Impact investors are ready to invest increasing amounts of impact capital in sustainable fisheries; what’s missing are profitable businesses and organizations with the capacity to accept investment. These profitable “investible entities” aren’t emerging apace because the entrepreneurial ecosystem to develop their business capacity is lagging.
Developing and Implementing SIMP Compatible Seafood Data Reporting and Traceability System in the Crab Supply Chain
Problem Statement and Opportunity
The U.S. implementation of the Seafood Import and Monitoring Program (SIMP) on 1 January 2018 establishes reporting and recordkeeping requirements to prevent illegal, unreported and unregulated (IUU) seafood from entering the U.S. The onus of proof is placed on the importer of record to provide and report key data from harvest to U.S. entry. In geographically diffuse supply chains, like blue swimming crab from Southeast Asia, with thousands of “points of entry”, i.e., fishers, tracking landings to the vessel is far less straightforward than short and narrow supply chains, such as skipjack tuna or sardines. This reporting requirement, while worthwhile, will require U.S. seafood importers to incorporate cost-effective traceability initiatives in their often-complex supply chains.
There is a growing appreciation that the needs of ﬁshers and their communities must be addressed in order to improve the underlying causes of ﬁshery exploitation in the developing world, particularly for small-scale ﬁsheries. -California Environmental Associates
The requirement also presents an opportunity to promote resource sustainability through supply chain transparency and catch monitoring. Despite pledges to abide by size limits, U.S. importers of blue swimming crab (BSC) have difficulty ensuring their supply chain partners are buying only crabs larger than the agreed minimum size of 10cm and excluding berried females. The application along with a web-based reporting tool we developed can meet the requirements of the SIMP, as well as the European Catch Documentation (CD) requirements, and elucidate the in-country supply chain. By tracking landings by vessel and by harvester, this tool further provides the opportunity to address key social and environmental outcomes associated with the Sustainable Development Goals (SDGs), which gives seafood importers a mulit-purpose toolkit to both decrease their reporting costs and increase the sustainability of the crab stocks.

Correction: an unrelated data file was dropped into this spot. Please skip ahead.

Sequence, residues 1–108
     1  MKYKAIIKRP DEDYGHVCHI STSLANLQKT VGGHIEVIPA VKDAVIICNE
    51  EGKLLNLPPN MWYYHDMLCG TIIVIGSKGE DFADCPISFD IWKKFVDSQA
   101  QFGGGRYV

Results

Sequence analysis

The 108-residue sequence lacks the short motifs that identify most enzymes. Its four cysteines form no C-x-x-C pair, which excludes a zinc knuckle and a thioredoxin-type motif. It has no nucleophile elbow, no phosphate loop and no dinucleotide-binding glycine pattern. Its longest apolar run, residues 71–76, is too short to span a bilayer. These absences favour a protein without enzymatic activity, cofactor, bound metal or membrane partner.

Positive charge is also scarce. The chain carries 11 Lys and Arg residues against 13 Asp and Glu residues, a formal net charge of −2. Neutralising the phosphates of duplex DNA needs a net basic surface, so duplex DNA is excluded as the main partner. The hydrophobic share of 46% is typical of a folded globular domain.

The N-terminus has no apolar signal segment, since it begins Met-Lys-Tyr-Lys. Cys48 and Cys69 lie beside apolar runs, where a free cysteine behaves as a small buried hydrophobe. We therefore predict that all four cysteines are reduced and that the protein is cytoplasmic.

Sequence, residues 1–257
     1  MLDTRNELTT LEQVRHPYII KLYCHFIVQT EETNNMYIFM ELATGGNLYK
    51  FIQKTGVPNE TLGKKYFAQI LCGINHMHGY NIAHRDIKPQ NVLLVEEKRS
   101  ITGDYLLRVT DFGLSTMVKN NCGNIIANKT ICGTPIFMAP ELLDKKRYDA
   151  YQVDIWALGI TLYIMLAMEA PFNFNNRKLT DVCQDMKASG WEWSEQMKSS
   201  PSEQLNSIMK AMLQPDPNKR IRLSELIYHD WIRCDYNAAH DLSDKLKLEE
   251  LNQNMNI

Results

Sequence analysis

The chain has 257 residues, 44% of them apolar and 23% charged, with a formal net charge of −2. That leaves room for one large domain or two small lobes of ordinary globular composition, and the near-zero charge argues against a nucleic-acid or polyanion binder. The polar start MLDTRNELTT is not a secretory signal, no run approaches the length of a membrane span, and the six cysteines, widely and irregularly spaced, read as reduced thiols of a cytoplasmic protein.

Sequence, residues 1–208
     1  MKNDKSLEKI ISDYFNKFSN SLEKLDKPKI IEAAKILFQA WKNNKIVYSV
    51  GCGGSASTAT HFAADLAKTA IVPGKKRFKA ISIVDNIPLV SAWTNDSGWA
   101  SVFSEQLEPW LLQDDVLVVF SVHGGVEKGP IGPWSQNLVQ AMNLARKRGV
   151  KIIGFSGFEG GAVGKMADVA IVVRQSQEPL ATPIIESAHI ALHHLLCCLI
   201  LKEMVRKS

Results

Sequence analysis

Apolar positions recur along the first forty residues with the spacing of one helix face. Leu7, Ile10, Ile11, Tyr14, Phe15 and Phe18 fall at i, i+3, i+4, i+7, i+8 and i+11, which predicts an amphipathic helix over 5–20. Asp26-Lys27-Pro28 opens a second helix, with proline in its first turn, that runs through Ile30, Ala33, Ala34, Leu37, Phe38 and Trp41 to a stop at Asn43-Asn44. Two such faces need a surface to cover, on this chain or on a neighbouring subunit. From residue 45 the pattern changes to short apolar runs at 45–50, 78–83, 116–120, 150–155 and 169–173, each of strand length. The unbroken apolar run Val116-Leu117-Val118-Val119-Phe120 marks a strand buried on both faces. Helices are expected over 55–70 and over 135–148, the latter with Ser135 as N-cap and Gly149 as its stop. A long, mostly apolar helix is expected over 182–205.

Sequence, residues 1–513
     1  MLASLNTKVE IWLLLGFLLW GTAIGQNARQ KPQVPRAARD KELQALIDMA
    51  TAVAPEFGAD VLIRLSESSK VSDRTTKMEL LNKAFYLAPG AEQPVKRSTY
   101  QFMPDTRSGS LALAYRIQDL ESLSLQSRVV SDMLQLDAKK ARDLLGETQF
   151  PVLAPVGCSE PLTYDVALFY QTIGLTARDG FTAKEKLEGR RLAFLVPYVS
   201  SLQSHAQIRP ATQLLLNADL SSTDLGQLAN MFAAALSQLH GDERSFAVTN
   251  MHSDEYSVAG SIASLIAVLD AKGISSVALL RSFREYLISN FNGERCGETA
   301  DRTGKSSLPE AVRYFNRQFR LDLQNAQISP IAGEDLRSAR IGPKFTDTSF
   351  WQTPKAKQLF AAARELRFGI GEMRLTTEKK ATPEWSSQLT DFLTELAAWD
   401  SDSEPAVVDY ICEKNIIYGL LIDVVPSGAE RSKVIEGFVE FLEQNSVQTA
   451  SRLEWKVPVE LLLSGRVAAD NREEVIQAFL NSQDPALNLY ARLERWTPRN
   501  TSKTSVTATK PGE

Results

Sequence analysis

The opportunity to spur social and economic impact should not be underestimated. Educating, engaging and rewarding fishers and communities directly for complying with ecological goals like minimum size, berried females, no-take areas, and more offers an opportunity to engage communities directly in resource management and provide key links to SDGs. Aside from nascent work by Fair Trade and SmartFish, there are few fishery sustainability efforts that actually benefit the fishers that form the foundation of many supply seafood chains. Indeed, most efforts impose costs on fishing communities—time, foregone income, capital for new equipment—without providing benefits. Our tool allows identification of compliant fishers, so they can be awarded price premiums and other incentives.
Supply chain transparency is beneficial to the U.S. importer not only in terms of identifying good actors and meeting reporting requirements, but also gives them an edge in the marketplace full of otherwise opaque supply chains.
When initially considering how to provide BSC supply chain transparency from the ocean to the end buyer, we researched existing options, hoping to find one that could be customized to the supply chain. We conducted a desk review, scouring the internet and our personal network to identify all available options. In total, we reviewed nearly forty systems that provided varying levels of traceability; of these, we interviewed approximately six potential providers that met or came close to our key considerations:
- Ease of use – the user interface needed to be easy for data collectors in Indonesia and importers in the U.S. to use
- Utility for marketing purposes – a consumer-facing component was a must
- Facilitate regulatory compliance – must collect and provide data required by the SIMP and EU CD in a straightforward format
- Mapping – needs to provide maps of fishing locations to determine which areas are best for avoiding undersized and berried crabs
- Business model – a cost effective and durable business model that did not result in excessive fees or costs to each level of the value chain
- Data access, storage and ownership – data must be accessible by multiple parties within the value chain, stored in Indonesia, and owned by the funding company